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But given that I'm not using those settings more than once, should I really be doing that? Two short-lived variables aren't going to make too much difference but I'm still doing it for cosmetic reasons and that can't be good ...
Either way, it's easy enough to split a method call where there are half a ton of arguments over several lines of text but what about when it's just one of the arguments that's causing the thing to scroll for miles? (Lambdas being a common cause of this).
Hardly a matter of life and death but I'd be interested to hear the thoughts of others on this.
Whenever you find yourself on the side of the majority, it is time to pause and reflect. - Mark Twain
I dislike the deep indents ... but your code is immediately understandable, without having to figure out what each parameter is. IMO the winner is readability for the next person who has to mess with the code. [or for myself 3-12 months from now, wondering whutinthuheck I was doing]
That's the way I do it. Except I move the && (or ||) to the start of the next line instead of leaving it trailing - it often helps when I want to comment out an option or two temporarily while testing.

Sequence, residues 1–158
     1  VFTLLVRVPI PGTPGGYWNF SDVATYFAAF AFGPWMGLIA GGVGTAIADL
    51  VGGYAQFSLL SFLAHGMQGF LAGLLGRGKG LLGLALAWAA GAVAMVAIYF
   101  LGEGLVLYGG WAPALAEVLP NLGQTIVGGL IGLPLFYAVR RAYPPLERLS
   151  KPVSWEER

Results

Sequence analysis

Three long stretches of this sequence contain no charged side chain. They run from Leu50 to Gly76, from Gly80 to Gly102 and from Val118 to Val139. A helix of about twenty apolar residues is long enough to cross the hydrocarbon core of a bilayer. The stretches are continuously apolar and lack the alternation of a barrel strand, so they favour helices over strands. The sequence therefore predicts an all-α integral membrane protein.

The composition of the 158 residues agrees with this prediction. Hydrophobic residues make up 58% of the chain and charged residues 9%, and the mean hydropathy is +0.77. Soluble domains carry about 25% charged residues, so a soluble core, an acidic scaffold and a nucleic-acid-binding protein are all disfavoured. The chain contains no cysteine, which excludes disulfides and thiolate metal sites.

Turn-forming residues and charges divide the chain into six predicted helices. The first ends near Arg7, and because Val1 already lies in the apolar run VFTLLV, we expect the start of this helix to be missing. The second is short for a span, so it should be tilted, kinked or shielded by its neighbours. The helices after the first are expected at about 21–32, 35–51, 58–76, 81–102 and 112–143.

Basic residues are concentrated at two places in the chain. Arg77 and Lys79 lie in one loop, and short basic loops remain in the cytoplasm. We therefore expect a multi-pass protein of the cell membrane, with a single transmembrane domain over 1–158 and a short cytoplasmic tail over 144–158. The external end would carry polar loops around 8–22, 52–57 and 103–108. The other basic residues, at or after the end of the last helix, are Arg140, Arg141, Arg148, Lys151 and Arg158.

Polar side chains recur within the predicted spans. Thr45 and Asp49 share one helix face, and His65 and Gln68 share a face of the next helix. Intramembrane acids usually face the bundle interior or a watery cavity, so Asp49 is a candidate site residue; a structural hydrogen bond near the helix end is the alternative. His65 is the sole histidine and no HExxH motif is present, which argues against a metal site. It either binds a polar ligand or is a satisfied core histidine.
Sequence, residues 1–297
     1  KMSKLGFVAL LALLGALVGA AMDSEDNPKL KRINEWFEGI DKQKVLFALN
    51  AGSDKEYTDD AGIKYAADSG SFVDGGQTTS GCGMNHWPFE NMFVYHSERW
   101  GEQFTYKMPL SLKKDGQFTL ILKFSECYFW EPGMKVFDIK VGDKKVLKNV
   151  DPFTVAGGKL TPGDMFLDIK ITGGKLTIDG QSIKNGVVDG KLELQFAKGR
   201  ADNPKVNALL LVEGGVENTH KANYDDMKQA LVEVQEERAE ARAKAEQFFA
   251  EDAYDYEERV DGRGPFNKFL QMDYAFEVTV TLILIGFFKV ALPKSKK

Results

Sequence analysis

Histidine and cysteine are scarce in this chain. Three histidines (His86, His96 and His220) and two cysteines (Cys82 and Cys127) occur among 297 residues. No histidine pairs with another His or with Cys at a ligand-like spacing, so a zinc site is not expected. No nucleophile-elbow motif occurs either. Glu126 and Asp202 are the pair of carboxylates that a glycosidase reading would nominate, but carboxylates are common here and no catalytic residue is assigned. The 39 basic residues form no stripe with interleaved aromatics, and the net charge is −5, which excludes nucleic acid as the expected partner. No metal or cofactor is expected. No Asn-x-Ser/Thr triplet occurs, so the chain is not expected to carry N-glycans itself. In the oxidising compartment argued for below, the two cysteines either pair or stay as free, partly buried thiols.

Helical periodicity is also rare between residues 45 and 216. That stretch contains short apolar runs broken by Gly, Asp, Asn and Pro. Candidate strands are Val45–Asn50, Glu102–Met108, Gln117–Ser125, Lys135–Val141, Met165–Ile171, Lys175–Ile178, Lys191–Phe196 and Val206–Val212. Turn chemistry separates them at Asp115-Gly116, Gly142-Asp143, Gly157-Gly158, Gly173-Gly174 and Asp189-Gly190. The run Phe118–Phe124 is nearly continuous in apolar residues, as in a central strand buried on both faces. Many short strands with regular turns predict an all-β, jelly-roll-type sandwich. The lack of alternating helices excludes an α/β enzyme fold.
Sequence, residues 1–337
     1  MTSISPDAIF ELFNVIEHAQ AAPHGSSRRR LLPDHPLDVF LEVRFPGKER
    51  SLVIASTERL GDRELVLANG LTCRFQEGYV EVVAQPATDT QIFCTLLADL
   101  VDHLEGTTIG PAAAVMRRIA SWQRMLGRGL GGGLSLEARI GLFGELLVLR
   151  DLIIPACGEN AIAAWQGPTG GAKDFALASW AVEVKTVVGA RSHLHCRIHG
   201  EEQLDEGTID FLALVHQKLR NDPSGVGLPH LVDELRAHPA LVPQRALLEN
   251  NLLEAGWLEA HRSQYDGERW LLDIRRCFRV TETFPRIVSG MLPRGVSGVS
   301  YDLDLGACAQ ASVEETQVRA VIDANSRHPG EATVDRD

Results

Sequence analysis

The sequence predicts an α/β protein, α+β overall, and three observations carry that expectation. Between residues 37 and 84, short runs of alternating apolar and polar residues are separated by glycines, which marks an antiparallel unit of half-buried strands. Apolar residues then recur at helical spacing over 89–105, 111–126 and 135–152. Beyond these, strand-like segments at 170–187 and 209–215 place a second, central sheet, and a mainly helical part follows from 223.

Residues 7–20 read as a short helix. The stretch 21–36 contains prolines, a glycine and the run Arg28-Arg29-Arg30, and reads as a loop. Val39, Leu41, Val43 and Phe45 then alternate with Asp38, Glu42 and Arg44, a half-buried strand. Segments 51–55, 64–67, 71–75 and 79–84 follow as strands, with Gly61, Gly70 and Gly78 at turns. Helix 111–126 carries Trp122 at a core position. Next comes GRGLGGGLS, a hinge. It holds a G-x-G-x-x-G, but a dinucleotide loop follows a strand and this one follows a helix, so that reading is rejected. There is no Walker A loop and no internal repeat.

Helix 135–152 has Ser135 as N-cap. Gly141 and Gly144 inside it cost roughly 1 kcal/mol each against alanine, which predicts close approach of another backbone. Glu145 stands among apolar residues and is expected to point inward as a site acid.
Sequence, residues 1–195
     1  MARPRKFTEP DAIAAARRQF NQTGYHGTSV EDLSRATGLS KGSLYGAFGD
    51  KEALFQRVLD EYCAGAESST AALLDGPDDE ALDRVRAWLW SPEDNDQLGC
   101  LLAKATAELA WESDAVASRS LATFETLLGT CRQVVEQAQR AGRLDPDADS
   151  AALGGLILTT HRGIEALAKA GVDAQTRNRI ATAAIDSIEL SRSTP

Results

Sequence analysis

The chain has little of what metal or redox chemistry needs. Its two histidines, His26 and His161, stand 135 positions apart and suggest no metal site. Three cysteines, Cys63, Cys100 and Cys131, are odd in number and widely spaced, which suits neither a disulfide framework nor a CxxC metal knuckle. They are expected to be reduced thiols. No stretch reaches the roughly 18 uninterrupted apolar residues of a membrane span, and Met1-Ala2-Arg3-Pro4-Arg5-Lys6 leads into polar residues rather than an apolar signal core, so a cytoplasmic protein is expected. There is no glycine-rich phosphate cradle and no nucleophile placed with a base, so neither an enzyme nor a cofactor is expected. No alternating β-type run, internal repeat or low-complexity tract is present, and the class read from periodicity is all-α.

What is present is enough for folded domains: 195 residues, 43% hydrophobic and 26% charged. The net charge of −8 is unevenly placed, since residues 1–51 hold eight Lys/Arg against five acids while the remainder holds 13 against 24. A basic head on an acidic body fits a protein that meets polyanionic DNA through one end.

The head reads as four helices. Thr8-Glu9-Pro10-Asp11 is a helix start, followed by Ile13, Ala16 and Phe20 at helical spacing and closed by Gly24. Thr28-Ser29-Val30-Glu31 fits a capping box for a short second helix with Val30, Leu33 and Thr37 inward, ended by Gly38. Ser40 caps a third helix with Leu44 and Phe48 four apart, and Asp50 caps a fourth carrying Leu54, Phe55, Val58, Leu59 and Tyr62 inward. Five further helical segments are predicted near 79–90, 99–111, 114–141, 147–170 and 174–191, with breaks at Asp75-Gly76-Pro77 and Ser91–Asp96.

- I would love to change the world, but they won’t give me the source code.
That's my preference as well, unless I'm still debugging the code, and I want to verify the output of one of the chained calls. Otherwise setting a breakpoint, say, on line 6 sets a breakpoint on the entire thing. But once I'm confident I won't have to revisit it, it all goes back to a single statement split among multiple lines.
When lines become long, I split before a binary operator, and make sure that binary operators always are in the same line, or, if the line is split, in the same column as the parentheses, if there are any. In addition, I usually put like binary operators in the same column. If a line is split at a binary operator, I indent both operands by the same amount, e.g. two characters to the right. Like so: